An exemplary sign could be constructed in accordance with FIGS. 5 and 6, employing the socket adapters 100 (FIGS. 5-12) of the present invention, as shown and detailed above. In this exemplary sign, a device, in a tape form, disclosed in the above-listed patent application entitled: LIGHT DIFFUSER DEVICE, could be placed directly on the fluorescent tubes, oriented toward the direction of the diffuser panel 38. The following dimensions are feasible, such that this exemplary sign can be produced as a "low profile" sign. The dimension d1x can be approximately 1.3125 inches. The components of d1x are "rx ", which can be approximately 0.875 inches, plus the wireway 45 depth, that is approximately 0.4375 inches. With respect to the distance "rx ", approximately 0.0625 inches of this can be from the thickness of the bracket base 111, plus the radius of the collar 115 of the socket 104, that is approximately 0.8125 inches. The socket center/fluorescent tube center to diffuser panel distance (d2x) can be approximately 2.25 inches, providing a cabinet internal depth (dx) of 3.5625 inches. The cabinet 22 can have a depth from outermost edge to outermost edge, in the direction of dimension dx, of 3.625 inches, this dimension including dx and accounting for the thickness of the cabinet rear wall 25. The retainer 34, as placed on the cabinet 22, can extend forward (including the thickness of the retainer members 34a, that can be approximately 0.060 inches), an additional 0.3438 inches, whereby the resultant sign depth Dx would be approximately 3.9688 inches, placing this sign in compliance with the ADA.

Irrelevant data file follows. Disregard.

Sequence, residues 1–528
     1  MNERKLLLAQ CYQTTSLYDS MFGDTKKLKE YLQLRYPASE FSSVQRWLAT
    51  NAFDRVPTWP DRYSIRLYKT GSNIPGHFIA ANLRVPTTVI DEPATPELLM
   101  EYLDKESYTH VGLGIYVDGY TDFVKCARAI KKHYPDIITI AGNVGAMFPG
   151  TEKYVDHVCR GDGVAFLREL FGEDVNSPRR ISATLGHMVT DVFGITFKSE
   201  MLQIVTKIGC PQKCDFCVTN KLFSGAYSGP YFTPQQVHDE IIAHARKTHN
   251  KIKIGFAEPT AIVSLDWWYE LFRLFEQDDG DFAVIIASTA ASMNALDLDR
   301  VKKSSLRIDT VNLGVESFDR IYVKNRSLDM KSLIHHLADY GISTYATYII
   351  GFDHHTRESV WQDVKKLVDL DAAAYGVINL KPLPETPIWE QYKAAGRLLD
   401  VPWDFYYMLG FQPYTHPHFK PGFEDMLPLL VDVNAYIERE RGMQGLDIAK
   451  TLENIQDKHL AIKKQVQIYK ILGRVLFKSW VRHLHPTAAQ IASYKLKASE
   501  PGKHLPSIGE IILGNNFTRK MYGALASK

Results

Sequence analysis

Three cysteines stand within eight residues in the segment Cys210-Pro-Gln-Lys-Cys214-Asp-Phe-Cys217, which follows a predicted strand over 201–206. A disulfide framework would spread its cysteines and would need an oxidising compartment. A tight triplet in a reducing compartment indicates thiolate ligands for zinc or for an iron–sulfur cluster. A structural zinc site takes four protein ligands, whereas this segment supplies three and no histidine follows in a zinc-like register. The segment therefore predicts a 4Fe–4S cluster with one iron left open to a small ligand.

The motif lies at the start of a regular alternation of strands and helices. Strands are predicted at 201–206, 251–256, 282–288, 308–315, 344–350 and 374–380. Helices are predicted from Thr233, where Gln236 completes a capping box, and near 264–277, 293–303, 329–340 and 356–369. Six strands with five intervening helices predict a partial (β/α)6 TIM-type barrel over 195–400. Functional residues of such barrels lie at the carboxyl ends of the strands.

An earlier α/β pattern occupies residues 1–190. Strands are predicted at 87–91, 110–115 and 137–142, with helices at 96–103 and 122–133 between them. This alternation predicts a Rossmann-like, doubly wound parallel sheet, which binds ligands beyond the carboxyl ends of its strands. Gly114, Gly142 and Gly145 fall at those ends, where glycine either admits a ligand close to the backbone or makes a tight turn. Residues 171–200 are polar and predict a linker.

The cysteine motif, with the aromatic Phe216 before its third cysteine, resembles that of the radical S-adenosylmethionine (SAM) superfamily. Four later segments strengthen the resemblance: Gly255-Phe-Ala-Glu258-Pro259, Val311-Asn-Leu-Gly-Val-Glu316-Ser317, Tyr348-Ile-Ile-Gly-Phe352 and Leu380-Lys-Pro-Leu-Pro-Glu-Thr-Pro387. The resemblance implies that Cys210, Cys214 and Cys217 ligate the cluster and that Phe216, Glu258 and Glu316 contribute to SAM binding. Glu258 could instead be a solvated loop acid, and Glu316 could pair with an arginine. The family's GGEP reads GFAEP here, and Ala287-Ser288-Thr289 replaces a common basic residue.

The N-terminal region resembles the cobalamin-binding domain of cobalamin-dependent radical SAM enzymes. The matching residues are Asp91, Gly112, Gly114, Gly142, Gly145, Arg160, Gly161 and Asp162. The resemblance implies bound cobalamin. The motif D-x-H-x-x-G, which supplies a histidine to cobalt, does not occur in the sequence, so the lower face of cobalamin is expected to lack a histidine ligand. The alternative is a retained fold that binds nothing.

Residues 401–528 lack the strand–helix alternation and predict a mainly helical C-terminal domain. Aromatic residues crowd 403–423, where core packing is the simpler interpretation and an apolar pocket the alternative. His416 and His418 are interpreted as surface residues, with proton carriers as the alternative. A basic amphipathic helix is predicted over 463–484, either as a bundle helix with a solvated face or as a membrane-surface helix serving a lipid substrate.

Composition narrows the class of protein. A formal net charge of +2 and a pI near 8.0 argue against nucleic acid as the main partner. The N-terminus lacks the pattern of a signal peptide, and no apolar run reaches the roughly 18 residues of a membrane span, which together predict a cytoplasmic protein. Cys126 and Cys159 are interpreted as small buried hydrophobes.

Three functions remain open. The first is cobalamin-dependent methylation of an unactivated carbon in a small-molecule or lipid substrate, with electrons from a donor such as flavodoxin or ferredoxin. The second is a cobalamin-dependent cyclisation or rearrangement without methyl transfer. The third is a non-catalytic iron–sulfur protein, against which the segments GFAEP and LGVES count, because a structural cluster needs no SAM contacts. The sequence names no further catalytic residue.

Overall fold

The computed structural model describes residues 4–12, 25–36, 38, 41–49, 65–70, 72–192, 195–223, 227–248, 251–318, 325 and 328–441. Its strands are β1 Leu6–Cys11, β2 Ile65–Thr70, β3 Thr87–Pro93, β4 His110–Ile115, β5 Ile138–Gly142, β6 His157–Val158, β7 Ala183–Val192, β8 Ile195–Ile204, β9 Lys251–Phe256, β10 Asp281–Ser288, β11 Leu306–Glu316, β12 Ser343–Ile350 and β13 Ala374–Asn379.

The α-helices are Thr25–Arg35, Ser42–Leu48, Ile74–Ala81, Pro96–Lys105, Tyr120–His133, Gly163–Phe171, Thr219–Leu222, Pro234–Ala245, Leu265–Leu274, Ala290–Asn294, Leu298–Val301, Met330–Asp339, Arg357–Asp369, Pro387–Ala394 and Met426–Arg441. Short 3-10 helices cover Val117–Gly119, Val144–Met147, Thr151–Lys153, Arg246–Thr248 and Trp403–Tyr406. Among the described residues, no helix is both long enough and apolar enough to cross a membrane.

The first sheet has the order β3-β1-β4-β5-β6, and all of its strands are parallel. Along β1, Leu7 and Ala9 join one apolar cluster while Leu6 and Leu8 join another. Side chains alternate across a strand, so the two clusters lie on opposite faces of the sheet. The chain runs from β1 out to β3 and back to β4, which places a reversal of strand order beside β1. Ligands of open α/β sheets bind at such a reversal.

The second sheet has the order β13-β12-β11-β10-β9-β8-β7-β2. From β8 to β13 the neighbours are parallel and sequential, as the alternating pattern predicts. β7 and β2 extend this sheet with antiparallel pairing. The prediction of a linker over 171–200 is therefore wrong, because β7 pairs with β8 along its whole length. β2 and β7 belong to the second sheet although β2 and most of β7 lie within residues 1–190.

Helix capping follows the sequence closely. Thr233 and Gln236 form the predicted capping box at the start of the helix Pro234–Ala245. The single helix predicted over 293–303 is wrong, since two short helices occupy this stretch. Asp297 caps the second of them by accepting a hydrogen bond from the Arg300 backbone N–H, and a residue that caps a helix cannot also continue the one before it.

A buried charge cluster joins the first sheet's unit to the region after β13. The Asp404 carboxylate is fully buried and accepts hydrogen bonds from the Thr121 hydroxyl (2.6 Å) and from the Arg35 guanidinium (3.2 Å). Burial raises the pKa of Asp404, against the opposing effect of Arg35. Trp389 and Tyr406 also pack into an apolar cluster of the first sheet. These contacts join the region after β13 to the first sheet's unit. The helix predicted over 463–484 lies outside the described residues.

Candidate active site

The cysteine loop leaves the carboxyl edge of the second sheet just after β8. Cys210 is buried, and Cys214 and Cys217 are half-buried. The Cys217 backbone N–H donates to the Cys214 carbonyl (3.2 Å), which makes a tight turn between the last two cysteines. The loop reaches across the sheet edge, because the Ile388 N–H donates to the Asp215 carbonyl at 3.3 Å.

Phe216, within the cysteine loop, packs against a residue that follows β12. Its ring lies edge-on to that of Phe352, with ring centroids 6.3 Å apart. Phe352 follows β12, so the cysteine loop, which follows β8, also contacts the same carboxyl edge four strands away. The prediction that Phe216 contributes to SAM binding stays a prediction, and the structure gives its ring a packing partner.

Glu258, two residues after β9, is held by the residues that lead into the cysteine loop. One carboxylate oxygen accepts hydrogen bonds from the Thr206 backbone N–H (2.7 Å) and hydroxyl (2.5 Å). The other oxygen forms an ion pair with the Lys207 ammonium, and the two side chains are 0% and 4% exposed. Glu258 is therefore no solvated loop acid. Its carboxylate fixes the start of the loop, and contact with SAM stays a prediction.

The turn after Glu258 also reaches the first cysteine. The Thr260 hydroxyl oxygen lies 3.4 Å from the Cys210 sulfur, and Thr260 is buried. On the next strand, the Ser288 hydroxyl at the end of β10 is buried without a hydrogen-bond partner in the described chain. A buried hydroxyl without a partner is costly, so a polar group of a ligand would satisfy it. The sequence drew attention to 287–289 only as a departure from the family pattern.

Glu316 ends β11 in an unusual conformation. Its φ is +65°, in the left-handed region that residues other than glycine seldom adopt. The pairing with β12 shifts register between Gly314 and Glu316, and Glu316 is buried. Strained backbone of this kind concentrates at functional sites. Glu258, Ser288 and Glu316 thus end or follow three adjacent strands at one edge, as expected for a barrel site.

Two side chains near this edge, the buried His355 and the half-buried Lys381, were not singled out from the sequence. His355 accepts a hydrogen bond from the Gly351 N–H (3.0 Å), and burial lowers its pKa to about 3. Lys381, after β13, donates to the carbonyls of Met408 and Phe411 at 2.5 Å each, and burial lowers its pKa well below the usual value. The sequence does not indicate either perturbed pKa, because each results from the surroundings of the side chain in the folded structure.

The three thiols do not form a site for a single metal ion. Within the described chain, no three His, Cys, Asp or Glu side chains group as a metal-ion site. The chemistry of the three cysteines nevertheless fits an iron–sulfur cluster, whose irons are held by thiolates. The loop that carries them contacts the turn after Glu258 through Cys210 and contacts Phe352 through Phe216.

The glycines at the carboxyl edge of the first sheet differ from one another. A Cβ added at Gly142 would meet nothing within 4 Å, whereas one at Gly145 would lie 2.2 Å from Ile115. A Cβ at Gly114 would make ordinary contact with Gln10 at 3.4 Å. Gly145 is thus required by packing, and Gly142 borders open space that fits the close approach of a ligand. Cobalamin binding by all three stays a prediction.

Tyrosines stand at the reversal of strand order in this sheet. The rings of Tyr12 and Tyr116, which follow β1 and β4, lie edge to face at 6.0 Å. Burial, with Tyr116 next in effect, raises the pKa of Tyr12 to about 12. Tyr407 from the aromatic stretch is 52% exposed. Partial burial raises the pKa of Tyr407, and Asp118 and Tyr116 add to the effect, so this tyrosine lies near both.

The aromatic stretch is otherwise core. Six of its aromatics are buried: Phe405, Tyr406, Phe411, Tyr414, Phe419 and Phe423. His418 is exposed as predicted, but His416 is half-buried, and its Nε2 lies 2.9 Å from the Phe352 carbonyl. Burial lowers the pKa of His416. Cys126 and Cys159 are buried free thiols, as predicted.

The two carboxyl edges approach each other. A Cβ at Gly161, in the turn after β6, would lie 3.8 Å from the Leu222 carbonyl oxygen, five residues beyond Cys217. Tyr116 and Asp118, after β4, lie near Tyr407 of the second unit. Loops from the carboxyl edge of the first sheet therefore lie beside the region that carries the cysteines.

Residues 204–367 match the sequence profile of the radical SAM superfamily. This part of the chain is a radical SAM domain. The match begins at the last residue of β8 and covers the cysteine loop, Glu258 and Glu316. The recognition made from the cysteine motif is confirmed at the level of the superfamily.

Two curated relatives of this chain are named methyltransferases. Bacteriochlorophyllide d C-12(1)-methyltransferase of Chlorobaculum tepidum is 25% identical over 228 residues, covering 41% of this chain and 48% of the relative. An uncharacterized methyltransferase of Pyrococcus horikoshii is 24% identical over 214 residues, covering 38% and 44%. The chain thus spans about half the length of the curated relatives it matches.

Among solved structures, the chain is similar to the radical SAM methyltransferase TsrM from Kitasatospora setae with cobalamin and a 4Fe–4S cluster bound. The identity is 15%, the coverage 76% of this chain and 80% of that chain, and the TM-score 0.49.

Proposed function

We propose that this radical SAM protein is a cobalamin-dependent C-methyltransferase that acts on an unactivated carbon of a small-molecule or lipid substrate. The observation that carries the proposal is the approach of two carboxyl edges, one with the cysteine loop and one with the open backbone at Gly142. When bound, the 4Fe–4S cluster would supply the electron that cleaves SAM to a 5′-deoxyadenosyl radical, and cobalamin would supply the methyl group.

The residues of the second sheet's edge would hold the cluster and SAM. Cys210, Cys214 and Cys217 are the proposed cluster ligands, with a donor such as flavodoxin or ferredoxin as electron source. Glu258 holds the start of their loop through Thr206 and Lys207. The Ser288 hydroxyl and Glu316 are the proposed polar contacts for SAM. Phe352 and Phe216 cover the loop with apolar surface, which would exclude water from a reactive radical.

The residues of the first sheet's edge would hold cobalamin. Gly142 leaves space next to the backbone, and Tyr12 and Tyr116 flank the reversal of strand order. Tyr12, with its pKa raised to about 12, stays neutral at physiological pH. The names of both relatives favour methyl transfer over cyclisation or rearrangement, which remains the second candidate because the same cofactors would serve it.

While the invention has been described in connection with an embodiment, it will be understood that the invention is not limited to that embodiment. The invention is intended to cover all alternatives, modifications and equivalents as may be included within the spirit and scope thereof, as defined by the appended claims.
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|U.S. Classification||362/260, 439/242, 362/647|
|International Classification||F21V19/00, H01R33/94, H01R33/08|
|Cooperative Classification||F21Y2103/00, F21V19/008, H01R33/08, H01R33/94|
|European Classification||H01R33/08, H01R33/94, F21V19/00F1|
|Jun 22, 1998||AS||Assignment|
Owner name: QUALITY MANUFACTURING INCORPORATED, MINNESOTA
Free format text: ASSIGNMENT OF ASSIGNORS INTEREST;ASSIGNORS:HUBER, MORTIMER;MENDEZ, SALVADOR;REEL/FRAME:009264/0652
Effective date: 19980520
|Sep 10, 2003||REMI||Maintenance fee reminder mailed|
|Feb 23, 2004||LAPS||Lapse for failure to pay maintenance fees|
|Apr 20, 2004||FP||Expired due to failure to pay maintenance fee|
Effective date: 20040222